David Mitchell: Unruly Just so you know, this is not the same David Mitchell who wrote those modern fantasy classics Cloud Atlas, The Bone Clocks (this last reviewed here) and others. It is a different David Mitchell. This David Mitchell is the broadcaster and thinking-person’s comedian who happens to be married to Victoria Coren (another broadcaster and thinking-person’s comedian) and co-writer with Robert Webb of a number of amusing shows and sketches. My favourite is the one about the laboratoire, which should appeal to readers of Occam’s Typewriter. There are probably other David Mitchells. You might be one of them. If you are, please don’t write in. But I digress. Here the author – a history graduate – looks at the kings and queens of England from mythical times (Arthur) to the death of Elizabeth I in 1603 — and the advent of Shakespeare, who, in the mouths of the kings in his history plays, accorded his characters a degree of self-knowledge that they probably never possessed in real life. After Elizabeth, the monarchs of England were monarchs of Scotland as well, so that would be a different book. Although Mitchell has many criticisms of monarchy, he feels that it’s nonetheless a cornerstone of the constitution, that unwritten compendium of more than a millennium of precedent, habit, tradition, kludge, fudge and bodge that explains and perhaps obscures the character of this
Septic Sceptred Isle. At first, monarchs were the biggest thugs, who could marshal the most under-thugs. When Christianity came into the mix, the thuggery was papered over: monarchy was seen as something sacred, the monarch holding his (mostly his) office by God-given right. The rot set in when Henry Bolingbroke deposed Richard II and got away with it, becoming Henry IV, leading (eventually) to the Wars of the Roses. If God-given kings could be deposed, wherefore the God part? Before that, people had to put up with the monarchs they got, and sought to restrict their often dreadful government with institutions such as Magna Carta and what came, eventually, to be Parliament. The rich people did, anyway. The poor ones just had to suffer in silence. I listened to the audiobook version, narrated with brio by the author, with characteristic rantings and ravings. Notwithstanding inasmuch as which he is one of the aforesaid thinking-person’s comedians, I learned a lot. This is perhaps not for those who cannot tolerate Anglo-Saxon Epithets (perhaps those who still think in Norman French, as English kings did for several centuries) for the good reason that two of the kings were a right couple of Cnuts.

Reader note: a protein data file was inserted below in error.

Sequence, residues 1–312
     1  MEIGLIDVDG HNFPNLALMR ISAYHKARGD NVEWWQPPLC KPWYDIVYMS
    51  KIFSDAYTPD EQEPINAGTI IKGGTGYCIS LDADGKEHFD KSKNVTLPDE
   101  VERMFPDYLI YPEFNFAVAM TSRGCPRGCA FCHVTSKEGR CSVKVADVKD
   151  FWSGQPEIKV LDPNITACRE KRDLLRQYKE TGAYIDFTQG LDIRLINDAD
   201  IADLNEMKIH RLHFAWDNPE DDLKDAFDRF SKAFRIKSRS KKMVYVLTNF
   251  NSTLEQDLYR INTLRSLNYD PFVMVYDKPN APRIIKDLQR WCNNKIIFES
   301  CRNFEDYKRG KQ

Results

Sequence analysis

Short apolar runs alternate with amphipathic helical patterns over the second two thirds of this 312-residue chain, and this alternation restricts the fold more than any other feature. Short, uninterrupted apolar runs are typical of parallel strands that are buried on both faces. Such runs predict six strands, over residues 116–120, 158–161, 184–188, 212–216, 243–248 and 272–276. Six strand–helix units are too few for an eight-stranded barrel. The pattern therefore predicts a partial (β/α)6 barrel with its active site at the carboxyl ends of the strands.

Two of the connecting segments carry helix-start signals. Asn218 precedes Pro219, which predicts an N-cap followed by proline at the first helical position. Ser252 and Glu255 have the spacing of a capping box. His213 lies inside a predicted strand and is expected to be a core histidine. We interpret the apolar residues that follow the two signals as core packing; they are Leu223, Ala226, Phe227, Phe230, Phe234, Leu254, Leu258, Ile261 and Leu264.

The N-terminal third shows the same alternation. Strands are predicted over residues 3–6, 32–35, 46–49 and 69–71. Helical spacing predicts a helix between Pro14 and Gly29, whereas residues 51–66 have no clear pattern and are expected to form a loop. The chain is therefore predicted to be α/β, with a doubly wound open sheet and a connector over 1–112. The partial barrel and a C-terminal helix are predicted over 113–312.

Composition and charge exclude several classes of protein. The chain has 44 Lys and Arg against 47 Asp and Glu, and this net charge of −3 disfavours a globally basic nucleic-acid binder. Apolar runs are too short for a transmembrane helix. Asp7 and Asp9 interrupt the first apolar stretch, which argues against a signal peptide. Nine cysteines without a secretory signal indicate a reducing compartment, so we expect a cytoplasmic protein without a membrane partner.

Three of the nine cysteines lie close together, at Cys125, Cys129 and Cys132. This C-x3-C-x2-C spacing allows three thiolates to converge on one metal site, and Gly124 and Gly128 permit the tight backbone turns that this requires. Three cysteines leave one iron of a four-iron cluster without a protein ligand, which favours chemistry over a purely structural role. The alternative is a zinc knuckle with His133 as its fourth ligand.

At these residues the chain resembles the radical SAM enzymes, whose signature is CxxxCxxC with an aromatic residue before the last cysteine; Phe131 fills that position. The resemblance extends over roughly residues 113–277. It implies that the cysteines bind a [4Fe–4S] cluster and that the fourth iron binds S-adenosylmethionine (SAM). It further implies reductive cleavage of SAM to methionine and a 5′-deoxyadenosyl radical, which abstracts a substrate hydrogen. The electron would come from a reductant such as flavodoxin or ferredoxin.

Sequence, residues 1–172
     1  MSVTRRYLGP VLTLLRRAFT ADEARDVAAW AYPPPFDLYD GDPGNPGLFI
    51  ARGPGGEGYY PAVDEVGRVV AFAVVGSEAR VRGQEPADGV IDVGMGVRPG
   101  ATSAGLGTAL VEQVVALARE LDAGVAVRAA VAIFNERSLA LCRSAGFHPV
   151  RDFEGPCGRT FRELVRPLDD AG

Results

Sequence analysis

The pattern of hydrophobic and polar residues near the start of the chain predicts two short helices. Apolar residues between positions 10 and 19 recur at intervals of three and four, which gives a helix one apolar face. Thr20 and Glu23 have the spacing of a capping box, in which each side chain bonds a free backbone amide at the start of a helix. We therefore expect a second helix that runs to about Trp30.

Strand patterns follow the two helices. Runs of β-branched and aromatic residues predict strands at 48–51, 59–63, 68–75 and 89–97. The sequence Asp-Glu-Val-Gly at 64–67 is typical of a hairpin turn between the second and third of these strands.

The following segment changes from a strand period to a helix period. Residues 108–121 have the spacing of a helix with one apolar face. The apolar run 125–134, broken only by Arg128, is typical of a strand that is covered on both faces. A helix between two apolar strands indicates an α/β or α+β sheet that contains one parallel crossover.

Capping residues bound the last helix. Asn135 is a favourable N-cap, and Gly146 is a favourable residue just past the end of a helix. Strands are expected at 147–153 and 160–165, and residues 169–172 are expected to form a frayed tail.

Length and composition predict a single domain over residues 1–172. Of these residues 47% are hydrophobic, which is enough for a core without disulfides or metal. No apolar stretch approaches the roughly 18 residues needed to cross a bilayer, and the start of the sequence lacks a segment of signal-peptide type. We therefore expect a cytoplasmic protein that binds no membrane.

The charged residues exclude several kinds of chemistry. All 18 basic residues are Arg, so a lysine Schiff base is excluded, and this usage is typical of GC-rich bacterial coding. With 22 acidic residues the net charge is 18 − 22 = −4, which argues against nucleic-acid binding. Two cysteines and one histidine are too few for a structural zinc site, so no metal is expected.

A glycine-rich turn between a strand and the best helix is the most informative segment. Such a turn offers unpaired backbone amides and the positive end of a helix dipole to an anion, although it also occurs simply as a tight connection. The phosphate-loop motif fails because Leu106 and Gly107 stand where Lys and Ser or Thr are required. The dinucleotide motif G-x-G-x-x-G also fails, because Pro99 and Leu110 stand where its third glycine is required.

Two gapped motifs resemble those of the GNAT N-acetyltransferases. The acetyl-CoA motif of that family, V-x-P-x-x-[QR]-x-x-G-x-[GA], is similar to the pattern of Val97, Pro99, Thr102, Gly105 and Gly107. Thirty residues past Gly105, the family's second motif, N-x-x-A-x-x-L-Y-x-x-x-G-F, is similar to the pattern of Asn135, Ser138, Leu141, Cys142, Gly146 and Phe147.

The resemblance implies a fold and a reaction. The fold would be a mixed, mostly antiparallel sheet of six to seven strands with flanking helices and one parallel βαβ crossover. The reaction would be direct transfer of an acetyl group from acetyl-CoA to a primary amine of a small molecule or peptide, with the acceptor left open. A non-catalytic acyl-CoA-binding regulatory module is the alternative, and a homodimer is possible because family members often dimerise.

A. M. Homes: This Book Will Save Your Life A few months ago I reviewed a collection of short stories by this author. I loved it, so was keen to try her work at novel length. It concerns the static life of Richard Novak, a wealthy freelance stock-exchange speculator who lives alone in his beautiful home in Los Angeles, seeing no-one but his housekeeper, nutritionist and personal trainer. Until the day when he is gripped with an inexplicable all-over pain, and his life slowly unravels into a series of seemingly random events. Richard runs into a variety of characters from the scriptwriter next door; the movie star who lives up the hill; the man who runs a donut shop downtown; and the horse that mysteriously materialises in the sinkhole that appears in his yard and into which his house threatens to disappear. Like her short stories, Homes’ novel has the same absurdist whimsy you’d associate with James Thurber (whose work, while dated in many ways, I like very much), but at novel length it threatens to degenerate into a case of one damned thing after another, and as such has echoes of Catch-22 (which I confess I liked very much less). This Book Will Save Your Life does seem to have a purpose, though. As much as he seems to be a ball-bearing batted around on some cruel pin table, Richard does find that life can be forced to have meaning, if only one can surmount the hazards.